With Covid-19, we’ve made it to the life raft. Dry land is far away.— Marc Lipsitch, epidemiologist
Now, if you visit supermarkets in Kuching, some of them will demand to see your digital vaccination certificate.
“Your MySejahtera app, madam. Please turn to profile,” advised a staff stationed at the entrance of a supermarket last Thursday.
She looked at my digital vaccination certificate before allowing me to enter the outlet.
When I went to a different supermarket, the same thing happened. Then I asked the girl stationed at the entrance, “If first dose, do you allow a person to go in?”
“Yes,” she replied.
When I went to yet another supermarket, none of the staff demanded to see my digital vaccination certificate. Just scanning the MySejahtera app and taking my temperature were sufficient.
Sometime last week, the human resource people in my office wanted to get the list of all those who had completed their vaccination so we dutifully submitted our names.
This apparently followed a ruling from the Sarawak Disaster Management Committee that only fully vaccinated people were allowed to enter or work in enclosed premises.
Since there were still people who had not yet received their second dose, flexibility was given to business operators this month — that those who were working must have at least one dose of the vaccine.
Those ineligible to get the vaccine because of health reasons had to show health records obtained from authorised health officers.
The SDMC has advised those who have not yet received the second dose to not expose themselves to high-risk places such as crowded and poorly ventilated places because transmission of the Covid-19 virus is still high.
Besides supermarkets, some food courts in Kuching now also demand to see the digital vaccination certificates.
I don’t blame the supermarkets or food courts for their actions. With the contagious Delta variant surging in some urban centres in Sarawak, especially Kuching City, they are doing their best to carry on their business while protecting the health of their workers and the public who visit their premises.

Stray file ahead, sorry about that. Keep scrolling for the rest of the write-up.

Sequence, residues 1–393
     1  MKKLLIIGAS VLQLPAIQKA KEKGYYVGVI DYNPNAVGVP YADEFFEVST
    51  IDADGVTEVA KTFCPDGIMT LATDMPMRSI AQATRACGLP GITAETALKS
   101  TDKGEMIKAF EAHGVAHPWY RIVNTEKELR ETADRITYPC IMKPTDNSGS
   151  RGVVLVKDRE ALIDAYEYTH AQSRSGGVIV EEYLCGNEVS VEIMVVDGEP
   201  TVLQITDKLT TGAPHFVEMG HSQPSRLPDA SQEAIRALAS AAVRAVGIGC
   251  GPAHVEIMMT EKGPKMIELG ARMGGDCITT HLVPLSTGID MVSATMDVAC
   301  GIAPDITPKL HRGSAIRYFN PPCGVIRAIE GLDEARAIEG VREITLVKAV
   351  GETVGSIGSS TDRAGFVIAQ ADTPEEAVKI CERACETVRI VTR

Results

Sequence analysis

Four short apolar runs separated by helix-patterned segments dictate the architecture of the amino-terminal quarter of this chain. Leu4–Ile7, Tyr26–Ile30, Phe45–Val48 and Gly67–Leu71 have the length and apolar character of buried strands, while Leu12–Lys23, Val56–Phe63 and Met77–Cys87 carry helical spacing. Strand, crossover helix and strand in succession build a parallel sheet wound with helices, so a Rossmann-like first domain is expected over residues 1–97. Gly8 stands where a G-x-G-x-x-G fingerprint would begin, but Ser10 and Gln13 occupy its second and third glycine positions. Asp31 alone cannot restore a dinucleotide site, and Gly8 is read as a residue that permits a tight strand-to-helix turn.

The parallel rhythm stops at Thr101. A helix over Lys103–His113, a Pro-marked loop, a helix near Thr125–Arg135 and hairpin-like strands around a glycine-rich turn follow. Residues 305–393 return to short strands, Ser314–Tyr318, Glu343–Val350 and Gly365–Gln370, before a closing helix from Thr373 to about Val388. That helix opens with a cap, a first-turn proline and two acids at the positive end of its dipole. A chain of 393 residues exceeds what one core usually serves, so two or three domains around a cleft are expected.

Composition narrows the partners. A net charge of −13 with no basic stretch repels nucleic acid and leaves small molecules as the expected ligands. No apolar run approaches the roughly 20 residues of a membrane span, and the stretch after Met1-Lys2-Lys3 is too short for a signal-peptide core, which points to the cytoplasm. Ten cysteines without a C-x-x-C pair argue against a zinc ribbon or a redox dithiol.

By the end of this month or early September, supermarket operators in Sibu town will allow entry only to shoppers who have received both vaccine doses.
Sibu Municipal Council (SMC) chairman Clarence Ting said the ruling could not be implemented currently because many people had not received both doses.
He said by the end of August, over 80 percent of the people in Sibu would have been vaccinated with both doses. That’s when the SOPs will be fully implemented.
Ting added that initially, supermarkets were encouraged to allow entry to those vaccinated with at least the first dose.
“According to the new SOPs released by the SDMC, under Sarawak’s NRP Phase 2, only employers and workers in the private sector who have completed two doses of Covid-19 vaccination are allowed to come to their workplaces.
“Premises owners and their workers must ensure that only customers who have completed two doses are allowed entry,” he explained.
On August 18, Chief Minister Datuk Patinggi Abang Johari Tun Openg proudly announced that Sarawak had become the first Malaysian state to achieve herd immunity after 80 percent of its adult population had been inoculated.
With that, soon, we can expect all supermarkets and eateries in Sarawak to allow entry only to those who have been fully vaccinated.
Other states, including Sabah, and countries like the United Arab Emirates are also implementing these restrictions.
With the federal and state governments urging all eligible Malaysians and foreign workers to get their jabs, there is no reason for anyone not to be vaccinated yet. Unless of course, they are still waiting for their vaccination appointments, like my niece in Johor.
Just before he resigned as prime minister, Tan Sri Muhyiddin revealed — on August 12 — that the government would announce the action to be taken against anti-vaccine groups soon.
The move, he explained, was to ensure Malaysia could achieve herd immunity.
Muhyiddin then said that the government would conduct some research about the anti-vaccine group.
“We need to know the background, whether most of them are so sick that they are afraid to take the vaccine or they don’t want to take the vaccine because they don’t believe in it.
“So, when we have analysed … if the percentage is very small, it is not worrying but if it is big, we have to find a way, whether to make it mandatory under the existing legal provisions. It will be decided by the government within this month or next month,” he said.
Now that Datuk Seri Ismail Sabri Yaakob has taken over as the ninth prime minister, we expect him to update us on the government action to be taken against anti-vaccine groups and set the direction for the country, especially in the fight against Covid-19. We look forward to the day when Malaysia will be free from Covid-19 and life can return to normal.